North Korea's leader Kim Jong Un (C, pictured October 10, 2022) has vowed to develop the country's nuclear forces at the fastest possible speed


  • North Korea requires citizens aged 14 to 35 to call their 38-year-old leader Kim Jong Un "respected father"
  • Kim's grandfather and father were previously referred to by that title but at a later age
  • A North Korean resident said the move would only lead young people to dislike Kim even more

North Korea is forcing its young people to call their leader Kim Jong Un "respected father" as it intensifies its propaganda campaign to foster loyalty.

The requirement was mentioned in new educational materials distributed to youth organizations that North Korean citizens aged 35 years old and younger must attend monthly, Radio Free Asia reported, citing unnamed residents familiar with the matter.

North Korea's latest move was seen as Kim's attempt to perpetuate the personality cult built around his grandfather Kim Il Sung and father Kim Jong Il, who took on the title of respected father at the age of 55 and 53, respectively, during their time as the country's leaders.

"According to this month's educational lecture, young people between the ages of 14 and 35 now have to call the general secretary their father, even though he is estimated to be 38 years old," a resident of North Korea's northeastern province of North Hamgyong told RFA's Korean service on the condition of anonymity for security reasons.

"Even though Kim Jong Un is of a similar age to some of them, they have to call him father, and it takes on a political meaning," the unnamed North Korean resident added.

However, North Korea's propaganda campaign reportedly only pushed young people to dislike Kim's regime even more, as many residents still consider their leader young and inexperienced.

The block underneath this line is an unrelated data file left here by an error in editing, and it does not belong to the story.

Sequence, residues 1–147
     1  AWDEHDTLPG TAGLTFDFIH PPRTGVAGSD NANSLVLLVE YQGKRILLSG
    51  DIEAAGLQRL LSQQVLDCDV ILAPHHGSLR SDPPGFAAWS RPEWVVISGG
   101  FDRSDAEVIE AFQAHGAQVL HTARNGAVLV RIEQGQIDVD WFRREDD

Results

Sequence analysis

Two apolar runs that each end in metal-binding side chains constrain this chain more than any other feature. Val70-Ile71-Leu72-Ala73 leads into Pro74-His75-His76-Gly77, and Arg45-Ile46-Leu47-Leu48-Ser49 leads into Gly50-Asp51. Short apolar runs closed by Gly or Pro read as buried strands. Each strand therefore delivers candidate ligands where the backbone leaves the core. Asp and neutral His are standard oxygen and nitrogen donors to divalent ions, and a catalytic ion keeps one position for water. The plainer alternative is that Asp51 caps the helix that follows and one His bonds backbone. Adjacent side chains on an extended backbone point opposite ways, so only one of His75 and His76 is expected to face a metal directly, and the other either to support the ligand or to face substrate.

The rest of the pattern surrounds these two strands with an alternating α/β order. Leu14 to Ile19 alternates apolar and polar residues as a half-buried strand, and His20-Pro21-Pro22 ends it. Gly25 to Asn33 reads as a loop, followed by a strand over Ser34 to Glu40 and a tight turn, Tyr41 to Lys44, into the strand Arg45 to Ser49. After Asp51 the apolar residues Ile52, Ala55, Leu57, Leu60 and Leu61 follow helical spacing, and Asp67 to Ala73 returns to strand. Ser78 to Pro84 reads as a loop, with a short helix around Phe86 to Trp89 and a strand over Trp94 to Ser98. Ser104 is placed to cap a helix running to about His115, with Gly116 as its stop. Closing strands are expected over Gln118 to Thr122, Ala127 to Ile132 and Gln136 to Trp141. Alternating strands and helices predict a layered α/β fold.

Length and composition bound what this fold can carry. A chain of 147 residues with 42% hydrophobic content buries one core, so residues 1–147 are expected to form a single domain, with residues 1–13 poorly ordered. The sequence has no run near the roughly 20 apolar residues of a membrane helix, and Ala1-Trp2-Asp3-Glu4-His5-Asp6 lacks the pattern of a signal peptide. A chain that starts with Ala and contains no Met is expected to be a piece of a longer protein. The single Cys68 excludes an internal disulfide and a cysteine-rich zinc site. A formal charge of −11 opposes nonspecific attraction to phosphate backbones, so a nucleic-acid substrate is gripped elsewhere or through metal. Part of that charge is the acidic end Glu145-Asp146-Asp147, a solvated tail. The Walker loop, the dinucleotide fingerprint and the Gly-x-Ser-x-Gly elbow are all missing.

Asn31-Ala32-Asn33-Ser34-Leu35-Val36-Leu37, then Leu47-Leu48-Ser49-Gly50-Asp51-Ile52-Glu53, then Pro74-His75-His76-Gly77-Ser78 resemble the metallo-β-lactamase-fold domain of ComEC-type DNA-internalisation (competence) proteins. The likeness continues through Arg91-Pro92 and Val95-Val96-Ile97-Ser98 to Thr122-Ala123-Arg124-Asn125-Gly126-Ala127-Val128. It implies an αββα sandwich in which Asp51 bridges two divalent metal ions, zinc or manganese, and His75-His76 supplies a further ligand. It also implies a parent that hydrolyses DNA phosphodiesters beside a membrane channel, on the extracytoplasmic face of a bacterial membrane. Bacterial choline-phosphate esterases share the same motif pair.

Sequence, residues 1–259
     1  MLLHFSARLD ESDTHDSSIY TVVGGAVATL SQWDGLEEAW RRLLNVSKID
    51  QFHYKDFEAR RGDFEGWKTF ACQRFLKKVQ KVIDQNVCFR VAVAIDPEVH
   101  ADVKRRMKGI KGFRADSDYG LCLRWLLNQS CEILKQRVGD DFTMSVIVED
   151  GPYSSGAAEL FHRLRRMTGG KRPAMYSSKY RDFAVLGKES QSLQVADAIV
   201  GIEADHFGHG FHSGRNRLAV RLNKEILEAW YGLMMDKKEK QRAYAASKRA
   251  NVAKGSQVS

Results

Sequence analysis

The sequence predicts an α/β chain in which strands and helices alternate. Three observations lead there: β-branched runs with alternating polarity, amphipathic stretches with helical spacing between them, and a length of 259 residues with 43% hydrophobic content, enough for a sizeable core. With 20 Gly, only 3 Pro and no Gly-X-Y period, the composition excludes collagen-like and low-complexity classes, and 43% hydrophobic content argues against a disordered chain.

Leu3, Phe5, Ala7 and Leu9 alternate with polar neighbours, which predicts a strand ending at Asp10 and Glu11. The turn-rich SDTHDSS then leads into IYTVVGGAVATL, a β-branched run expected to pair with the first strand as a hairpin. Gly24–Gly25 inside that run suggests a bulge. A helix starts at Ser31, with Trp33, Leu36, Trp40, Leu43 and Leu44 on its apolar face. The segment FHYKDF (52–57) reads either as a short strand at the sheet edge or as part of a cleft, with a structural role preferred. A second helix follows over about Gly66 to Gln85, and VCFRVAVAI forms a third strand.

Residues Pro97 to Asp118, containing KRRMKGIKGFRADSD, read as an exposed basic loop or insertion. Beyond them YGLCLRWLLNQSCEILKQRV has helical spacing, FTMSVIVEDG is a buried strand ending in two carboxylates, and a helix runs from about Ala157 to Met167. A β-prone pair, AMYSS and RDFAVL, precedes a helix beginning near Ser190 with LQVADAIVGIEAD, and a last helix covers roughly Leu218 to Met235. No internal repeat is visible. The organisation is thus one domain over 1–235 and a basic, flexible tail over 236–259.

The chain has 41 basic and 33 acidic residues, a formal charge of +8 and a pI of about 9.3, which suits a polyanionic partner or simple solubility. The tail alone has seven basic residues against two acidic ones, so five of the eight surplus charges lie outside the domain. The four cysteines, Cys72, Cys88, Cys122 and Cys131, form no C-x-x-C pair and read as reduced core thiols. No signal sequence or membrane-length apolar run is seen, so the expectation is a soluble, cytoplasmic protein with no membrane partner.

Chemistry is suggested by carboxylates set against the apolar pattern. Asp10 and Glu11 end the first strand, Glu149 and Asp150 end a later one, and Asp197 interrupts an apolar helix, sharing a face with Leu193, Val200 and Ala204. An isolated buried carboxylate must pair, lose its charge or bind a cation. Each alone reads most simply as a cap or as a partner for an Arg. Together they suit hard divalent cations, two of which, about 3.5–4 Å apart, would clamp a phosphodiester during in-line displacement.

A female North Korean resident living in the northern province of Ryanggang said that the move comes across as clueless amid the widespread starvation in the country.

"Resentment among young people is rising," the resident told RFA on the condition of anonymity.

The North Korean woman suggested that Kim's new title may be part of a broader propaganda campaign that included more public appearances of their leader and his family.

"It seems that ... it was preparatory work to make himself the father of the people," the resident said.

Last month, North Korea launched a new propaganda reading campaign to foster its citizens' loyalty to Kim's regime.

The reading campaign required all North Korean citizens to read 10,000 pages of propaganda materials, which was seen as Pyongyang's move to counter "reactionary" South Korean popular culture.

North Korean residents who spoke to RFA anonymously for security reasons said they were ordered to read Kim's speeches and transcripts of the ruling party's plenary meetings. They are also required to maintain personal reading journals and write the key feelings and thoughts from what they read.

But the residents complained that the materials they were required to read were "nothing but propaganda" and contained only praises for Kim.

Inside North Korea
North Korean students perform during a meeting of school youth and children themed "The dear Generalissimo Kim Il Sung is our eternal sun", one of festivities timed for the 100th birth anniversary of Kim Il-Sung, founder of North Korea, in front of Kim's statue at Changdok School in Pyongyang April 6, 2012 in this picture released by the North's KCNA on April 6, 2012. KCNA/REUTERS